Pontiac was a familiar name in the domestic car world and enjoyed 85 years as a member in good standing within the General’s extended family of vehicles.

The Pontiac name debuted in 1925 and was considered a car model that was a few steps up the ladder of success in General Motors’ caste system.

Pontiac shared its automotive DNA with Oakland, a small manufacturer that was an independent car builder from 1907 until 1909 when it was swallowed whole by General Motors, a powerful car company with a goal to become the biggest car builder in the world.

The early days of the automobile were essentially a Wild West shootout to grab a share of the horseless carriage market-and only the strong would survive the battle. GM was poised for greatness while Oakland, a tiny car company from Pontiac, Michigan, simply fought for survival in a losing skirmish.

Consequently, Oakland became another higher end brand within the GM family and needed a more affordable model to snare buyers with thinner budgets for new car purchases. Oakland’s solution was Pontiac, a car brand that was finally named after their Michigan city, a name that was decidedly more accurate in a geographical sense.

Pontiac assumed its role as an in-betweener GM model that was more than a Chevy and less than an Oakland in terms of overall prestige. Eventually, Pontiac ran over the Oakland and dispatched it into the dust bin of long forgotten car brands in 1931. This was the exact moment that every car built in Oakland’s Pontiac Michigan auto manufacturing facility was not named after a West Coast city in California.

The legacy of Pontiac continued to grow under the GM banner and eventually produced some of the most famous names in automotive history. Arguably the most famous Poncho (Pontiac’s nickname) built during the brand’s 85-year history was the first-generation Pontiac GTO, the brainchild of then-automotive wunderkind John DeLorean.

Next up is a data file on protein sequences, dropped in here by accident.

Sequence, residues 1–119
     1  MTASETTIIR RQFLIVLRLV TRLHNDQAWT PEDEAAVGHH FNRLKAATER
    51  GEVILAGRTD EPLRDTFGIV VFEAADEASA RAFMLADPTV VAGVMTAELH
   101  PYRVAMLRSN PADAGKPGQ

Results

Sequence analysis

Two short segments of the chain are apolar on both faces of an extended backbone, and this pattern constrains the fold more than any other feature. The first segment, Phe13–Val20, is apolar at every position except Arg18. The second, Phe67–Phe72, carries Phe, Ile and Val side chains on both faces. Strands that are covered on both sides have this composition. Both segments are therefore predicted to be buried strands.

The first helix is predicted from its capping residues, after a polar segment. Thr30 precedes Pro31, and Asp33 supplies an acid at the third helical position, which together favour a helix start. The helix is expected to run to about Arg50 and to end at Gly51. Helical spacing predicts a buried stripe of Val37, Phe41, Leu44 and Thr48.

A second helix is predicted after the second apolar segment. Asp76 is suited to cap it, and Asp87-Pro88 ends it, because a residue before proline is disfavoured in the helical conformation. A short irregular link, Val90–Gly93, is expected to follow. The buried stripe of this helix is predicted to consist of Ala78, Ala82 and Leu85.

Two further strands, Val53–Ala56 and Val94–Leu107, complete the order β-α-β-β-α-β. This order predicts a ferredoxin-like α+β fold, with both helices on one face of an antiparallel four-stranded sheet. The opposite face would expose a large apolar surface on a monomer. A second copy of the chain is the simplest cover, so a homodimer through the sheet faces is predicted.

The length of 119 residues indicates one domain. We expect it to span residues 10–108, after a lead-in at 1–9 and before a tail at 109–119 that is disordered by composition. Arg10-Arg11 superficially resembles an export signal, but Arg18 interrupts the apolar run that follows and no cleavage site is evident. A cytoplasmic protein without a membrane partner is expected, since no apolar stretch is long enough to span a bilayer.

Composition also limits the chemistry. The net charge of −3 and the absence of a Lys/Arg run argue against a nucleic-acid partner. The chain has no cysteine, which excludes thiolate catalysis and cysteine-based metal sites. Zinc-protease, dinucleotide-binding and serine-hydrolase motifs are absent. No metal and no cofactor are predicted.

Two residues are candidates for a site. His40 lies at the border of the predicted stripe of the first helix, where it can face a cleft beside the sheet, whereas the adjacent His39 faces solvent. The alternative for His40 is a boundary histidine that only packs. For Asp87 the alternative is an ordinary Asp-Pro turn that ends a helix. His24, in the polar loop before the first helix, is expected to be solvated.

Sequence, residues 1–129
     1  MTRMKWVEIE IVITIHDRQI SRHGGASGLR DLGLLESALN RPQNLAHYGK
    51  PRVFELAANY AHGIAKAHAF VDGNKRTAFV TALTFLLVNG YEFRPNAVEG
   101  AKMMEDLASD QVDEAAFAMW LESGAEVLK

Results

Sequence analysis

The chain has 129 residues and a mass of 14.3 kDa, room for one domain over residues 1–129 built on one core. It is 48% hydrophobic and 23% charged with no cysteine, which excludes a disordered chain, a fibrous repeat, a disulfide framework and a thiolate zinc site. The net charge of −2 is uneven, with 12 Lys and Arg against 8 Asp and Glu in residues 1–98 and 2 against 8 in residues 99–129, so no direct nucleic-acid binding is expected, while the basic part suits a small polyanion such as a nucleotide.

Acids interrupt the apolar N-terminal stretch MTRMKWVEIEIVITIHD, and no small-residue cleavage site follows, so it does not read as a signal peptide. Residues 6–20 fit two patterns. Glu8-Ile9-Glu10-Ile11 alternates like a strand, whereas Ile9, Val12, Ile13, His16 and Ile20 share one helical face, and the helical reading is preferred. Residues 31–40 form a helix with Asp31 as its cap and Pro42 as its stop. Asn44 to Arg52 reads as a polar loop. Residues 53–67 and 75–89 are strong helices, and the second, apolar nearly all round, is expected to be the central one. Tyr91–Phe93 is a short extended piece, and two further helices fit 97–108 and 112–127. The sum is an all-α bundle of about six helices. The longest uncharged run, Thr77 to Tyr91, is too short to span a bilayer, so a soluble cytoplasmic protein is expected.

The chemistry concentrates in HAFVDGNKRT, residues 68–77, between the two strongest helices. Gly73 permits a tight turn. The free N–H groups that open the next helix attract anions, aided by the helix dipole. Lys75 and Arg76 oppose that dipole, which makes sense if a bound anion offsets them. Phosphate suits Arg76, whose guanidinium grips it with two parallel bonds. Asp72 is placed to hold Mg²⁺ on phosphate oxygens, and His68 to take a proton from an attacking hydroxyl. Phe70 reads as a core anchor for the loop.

The Goat (the GTO’s famous nickname) was built for speed and fought its way to the top as a middleweight street fighter during the infamous muscle car wars of the 1960s. The Pontiac GTO was a stone cold killing machine and is a legend in the car hobby to this very day.

A strong contender on Pontiac’s famous car list would be its second-generation Firebird Trans Am models. These Poncho ponies looked fast and furious at a standstill, plus the cars were indeed fast and furious during a decade when heavy-handed legislation sucked the testosterone out of muscle cars.

The Pontiac TAs from this era walked the walk when most other domestic car builders were knuckling under to high gas prices and punishing manufacturing rules specifically designed to neuter performance models.

However, Pontiac lost its edgy personality during the 1980s and ‘90s before it finally crashed and burned on October 31, 2010, a victim of poor business decisions that hastened its death 11 years ago. The Pontiac legend died on a hill littered with horrible minivans (Aztecs) and horrific cars (Sunbirds), an automotive horror story that fittingly ended on Halloween that year.

Car guys will remember the Pontiac for its best years and not its worst, so its legacy will continue long past its glory years and subsequent fall from grace as an automotive legend.

Jim Sutherland

BY: Jim Sutherland

Jim Sutherland is a veteran automotive writer whose work has been published by many major print and online publications. The list includes Calgary Herald, The Truth About Cars, Red Deer Advocate, RPM Magazine, Edmonton Journal, Montreal Gazette, Windsor Star, Vancouver Province, and Post Media Wheels Section.